Groups facing closure over high insurance costs
Survey finds community and voluntary groups are facing an uncertain future
The results of a new survey have revealed the pressure being put on community and voluntary groups due to rocketing insurance costs - with almost half of those surveyed saying their bodies were in danger of closing if insurance costs continue to rise.
The insurance summary, undertaken by the Public Participation Network (PPN) questioned groups involved in various community activities across the country about the impact that insurance costs are having on their ability to maintain levels of service.
PPNs are networks based in local authority areas that facilitate these authorities to connect and work in tandem with local community and voluntary groups.
The participants questioned represented a broad range of interests and activities, including community development bodies and community centres, sporting organisations, Tidy Towns, mental health advocates, education/literacy groups and residents associations.
Of the more than 750 groups that responded to the survey, more than 82% said their insurance costs had increased over the past three years, with 86% of those indicating their premiums had risen by between 10% to 50%.
At the other end of the scale, almost 5% of respondents said their premiums had more than doubled, with 34% saying they now pay more than €1,500 per annum for insurance cover.
Almost 45% of groups said rising insurance costs had forced them to reduce the number of activities they can undertake, with almost two-thirds of respondents saying they would be in a position to run more community events and activities if costs had not risen.
More than 80% of respondents said they were finding it increasingly difficult to find funding streams to cover insurance costs Almost 80% said they were "concerned" about how they will find the money needed to cover insurance costs going forward, with more than 47% saying their groups were in danger of being shut down in the event that these costs continue to rise.
Asked if they thought the government was doing enough to tackle the issue of spiralling insurance costs, almost 88% of respondents said no.
Many of the groups surveyed provided specific examples of how insurance costs were impacting on their activities.
One scouting group said their premiums has increased from €47 to €65 per person this year, adding "this will significantly impact" on finances for training, rent, outings and programme resources for the coming years.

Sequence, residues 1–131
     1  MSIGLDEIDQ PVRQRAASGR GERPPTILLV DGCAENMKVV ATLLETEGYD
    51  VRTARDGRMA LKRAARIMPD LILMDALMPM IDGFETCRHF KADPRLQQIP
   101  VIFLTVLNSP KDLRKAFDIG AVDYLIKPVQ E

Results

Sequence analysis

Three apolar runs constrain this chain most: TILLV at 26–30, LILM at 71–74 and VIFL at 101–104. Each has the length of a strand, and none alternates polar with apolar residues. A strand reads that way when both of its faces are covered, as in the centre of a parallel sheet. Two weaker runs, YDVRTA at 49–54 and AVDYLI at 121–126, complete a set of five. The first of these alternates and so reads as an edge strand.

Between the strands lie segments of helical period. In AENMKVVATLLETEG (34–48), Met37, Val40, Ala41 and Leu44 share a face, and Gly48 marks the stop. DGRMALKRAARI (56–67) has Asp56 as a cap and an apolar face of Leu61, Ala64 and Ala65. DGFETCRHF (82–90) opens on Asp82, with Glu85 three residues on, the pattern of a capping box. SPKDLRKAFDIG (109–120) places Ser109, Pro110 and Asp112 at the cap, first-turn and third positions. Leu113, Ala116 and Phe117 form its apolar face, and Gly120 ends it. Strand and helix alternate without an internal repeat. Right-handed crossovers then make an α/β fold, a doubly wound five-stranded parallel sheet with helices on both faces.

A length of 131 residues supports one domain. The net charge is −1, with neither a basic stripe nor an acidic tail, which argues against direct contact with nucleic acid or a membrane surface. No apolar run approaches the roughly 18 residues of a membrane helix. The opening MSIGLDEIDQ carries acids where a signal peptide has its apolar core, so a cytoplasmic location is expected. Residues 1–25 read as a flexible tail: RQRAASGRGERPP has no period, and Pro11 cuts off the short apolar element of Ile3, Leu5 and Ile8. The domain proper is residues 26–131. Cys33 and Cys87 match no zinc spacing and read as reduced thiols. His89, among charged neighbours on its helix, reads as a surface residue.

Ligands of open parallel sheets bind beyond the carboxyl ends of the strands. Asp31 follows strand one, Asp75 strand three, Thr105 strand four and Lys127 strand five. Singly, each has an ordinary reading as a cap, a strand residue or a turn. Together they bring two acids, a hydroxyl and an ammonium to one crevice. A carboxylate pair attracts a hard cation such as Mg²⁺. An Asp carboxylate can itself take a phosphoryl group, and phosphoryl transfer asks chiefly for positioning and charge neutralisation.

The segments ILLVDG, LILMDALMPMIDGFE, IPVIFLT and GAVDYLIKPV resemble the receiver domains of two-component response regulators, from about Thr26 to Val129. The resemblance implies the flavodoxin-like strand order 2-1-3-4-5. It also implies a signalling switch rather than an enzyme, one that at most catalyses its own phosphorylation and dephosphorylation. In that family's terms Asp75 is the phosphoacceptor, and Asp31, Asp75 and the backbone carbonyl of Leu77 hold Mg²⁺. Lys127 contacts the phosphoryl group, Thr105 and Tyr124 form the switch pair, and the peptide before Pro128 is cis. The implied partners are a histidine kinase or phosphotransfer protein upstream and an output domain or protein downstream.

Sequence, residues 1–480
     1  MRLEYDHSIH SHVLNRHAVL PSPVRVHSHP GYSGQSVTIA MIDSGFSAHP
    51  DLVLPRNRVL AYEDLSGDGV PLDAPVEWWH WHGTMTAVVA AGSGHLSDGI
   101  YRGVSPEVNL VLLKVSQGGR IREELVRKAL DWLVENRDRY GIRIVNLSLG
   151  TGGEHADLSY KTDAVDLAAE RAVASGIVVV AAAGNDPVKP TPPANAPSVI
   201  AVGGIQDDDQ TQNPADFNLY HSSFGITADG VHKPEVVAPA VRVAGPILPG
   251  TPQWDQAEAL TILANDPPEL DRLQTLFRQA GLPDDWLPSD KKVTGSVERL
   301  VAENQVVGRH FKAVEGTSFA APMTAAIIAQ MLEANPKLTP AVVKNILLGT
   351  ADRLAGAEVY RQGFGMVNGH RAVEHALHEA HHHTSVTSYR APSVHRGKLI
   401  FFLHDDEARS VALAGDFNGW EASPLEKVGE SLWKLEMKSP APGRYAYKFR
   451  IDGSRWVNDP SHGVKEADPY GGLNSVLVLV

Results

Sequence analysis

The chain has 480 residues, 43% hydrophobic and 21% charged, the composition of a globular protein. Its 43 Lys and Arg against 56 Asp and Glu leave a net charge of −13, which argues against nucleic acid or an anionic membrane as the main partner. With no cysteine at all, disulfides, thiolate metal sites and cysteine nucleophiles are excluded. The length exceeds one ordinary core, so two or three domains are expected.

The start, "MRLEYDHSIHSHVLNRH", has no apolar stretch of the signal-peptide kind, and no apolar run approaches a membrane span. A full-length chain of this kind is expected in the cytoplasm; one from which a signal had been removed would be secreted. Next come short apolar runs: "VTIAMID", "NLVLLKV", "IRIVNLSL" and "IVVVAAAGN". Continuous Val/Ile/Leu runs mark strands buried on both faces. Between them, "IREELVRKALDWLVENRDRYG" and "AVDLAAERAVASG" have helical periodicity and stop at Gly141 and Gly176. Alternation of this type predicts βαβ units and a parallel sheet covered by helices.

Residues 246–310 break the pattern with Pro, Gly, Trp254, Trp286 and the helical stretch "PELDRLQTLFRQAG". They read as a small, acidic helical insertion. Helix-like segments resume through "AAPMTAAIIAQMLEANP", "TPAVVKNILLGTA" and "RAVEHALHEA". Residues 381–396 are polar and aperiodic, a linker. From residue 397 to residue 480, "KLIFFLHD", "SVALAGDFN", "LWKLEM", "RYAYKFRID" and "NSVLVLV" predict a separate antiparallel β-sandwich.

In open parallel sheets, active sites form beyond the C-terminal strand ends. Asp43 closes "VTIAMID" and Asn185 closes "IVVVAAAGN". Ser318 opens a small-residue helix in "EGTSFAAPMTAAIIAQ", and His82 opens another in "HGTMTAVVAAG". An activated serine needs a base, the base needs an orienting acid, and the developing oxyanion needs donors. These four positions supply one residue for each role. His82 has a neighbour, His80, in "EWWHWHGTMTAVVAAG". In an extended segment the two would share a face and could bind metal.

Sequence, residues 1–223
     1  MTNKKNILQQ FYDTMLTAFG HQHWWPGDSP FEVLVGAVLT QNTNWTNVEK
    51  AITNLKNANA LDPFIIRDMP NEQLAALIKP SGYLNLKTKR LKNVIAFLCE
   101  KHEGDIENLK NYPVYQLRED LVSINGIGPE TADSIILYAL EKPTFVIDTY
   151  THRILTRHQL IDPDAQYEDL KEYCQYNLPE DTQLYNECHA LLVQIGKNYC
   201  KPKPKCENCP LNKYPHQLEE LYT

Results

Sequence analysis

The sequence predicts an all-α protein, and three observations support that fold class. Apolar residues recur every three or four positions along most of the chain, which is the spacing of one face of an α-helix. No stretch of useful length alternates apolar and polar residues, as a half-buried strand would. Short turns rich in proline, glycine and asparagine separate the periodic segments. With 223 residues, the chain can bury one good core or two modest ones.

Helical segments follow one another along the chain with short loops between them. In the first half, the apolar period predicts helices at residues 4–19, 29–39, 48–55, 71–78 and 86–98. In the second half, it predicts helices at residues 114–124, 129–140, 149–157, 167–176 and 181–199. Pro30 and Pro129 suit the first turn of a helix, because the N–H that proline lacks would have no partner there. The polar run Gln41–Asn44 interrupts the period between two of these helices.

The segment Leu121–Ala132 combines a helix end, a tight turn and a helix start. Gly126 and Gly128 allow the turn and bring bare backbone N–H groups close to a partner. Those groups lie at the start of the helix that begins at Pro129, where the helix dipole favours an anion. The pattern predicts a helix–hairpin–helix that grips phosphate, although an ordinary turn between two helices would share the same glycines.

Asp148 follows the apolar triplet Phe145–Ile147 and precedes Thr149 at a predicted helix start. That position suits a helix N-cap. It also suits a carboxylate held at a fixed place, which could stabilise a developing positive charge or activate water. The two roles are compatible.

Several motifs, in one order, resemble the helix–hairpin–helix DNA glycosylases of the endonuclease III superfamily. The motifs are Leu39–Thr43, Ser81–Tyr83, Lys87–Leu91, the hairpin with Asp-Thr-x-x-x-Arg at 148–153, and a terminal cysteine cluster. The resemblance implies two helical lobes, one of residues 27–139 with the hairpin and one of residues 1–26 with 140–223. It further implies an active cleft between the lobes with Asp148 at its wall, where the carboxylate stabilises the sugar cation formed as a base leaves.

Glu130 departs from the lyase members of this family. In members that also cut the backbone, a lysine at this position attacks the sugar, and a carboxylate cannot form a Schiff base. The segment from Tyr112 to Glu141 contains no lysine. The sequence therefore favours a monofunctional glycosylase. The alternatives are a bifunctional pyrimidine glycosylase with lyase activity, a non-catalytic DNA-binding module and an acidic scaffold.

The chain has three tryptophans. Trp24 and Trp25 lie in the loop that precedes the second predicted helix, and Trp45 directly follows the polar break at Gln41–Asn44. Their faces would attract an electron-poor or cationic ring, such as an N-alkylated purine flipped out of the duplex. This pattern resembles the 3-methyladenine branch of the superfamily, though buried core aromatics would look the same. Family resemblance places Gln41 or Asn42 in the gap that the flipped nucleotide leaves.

One respondent said most of their income was now being spent on insurance, another said they had to cancel all outdoor activities for children, while a number of groups reported they had to lay off TUS workers.
One group said they had to increase the price of activities to help cover insurance costs, another said they had to borrow money to cover this year's premium and one replied that their choir for people with special needs was "in danger of collapsing" due to the strain on their finances.
One respondent summed up the overall situation in a nutshell, saying they needed insurance to cover fundraising events to raise money for a swimming pool. "We can't hold fundraisers without insurance, but we can't pay for insurance without fundraisers. This year, committee members had to pay for insurance out of their own pockets."
PPN spokesperson Sarah Wetherald said the results of the survey confirmed what they were hearing from groups that provide a wealth of services to their communities, on an all too regular basis.
"The infrastructure of volunteering in Ireland is being threatened by spiralling insurance costs, unavailability of insurance cover, and increasingly unreasonable exclusions and conditions," said Ms Wetherald.
She said that while small firms with massive premium rises tend to close, voluntary groups "stagger on" and managed to survive only by cutting core services and activities.
"This means much of the impact of this crisis has being hidden up to now because they are not closing. In this context, it is shocking to see 47pc of survey respondents saying they may have to close up," she said.
Ivan Cooper, of The Wheel support group for non-profit bodies, said the very nature of how Irish society is organised is at risk from the insurance crisis.
"The fabric of Irish society is under threat due to this crisis and we cannot afford any further delays to proposed reforms," said Mr Cooper.